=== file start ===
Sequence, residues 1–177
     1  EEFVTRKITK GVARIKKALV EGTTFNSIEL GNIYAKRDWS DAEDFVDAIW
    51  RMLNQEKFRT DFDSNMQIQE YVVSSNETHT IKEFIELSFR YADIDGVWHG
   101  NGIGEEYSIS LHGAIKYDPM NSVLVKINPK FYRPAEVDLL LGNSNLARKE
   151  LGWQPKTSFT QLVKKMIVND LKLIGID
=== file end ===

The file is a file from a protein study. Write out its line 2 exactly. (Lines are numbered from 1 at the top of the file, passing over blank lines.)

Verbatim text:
     1  EEFVTRKITK GVARIKKALV EGTTFNSIEL GNIYAKRDWS DAEDFVDAIW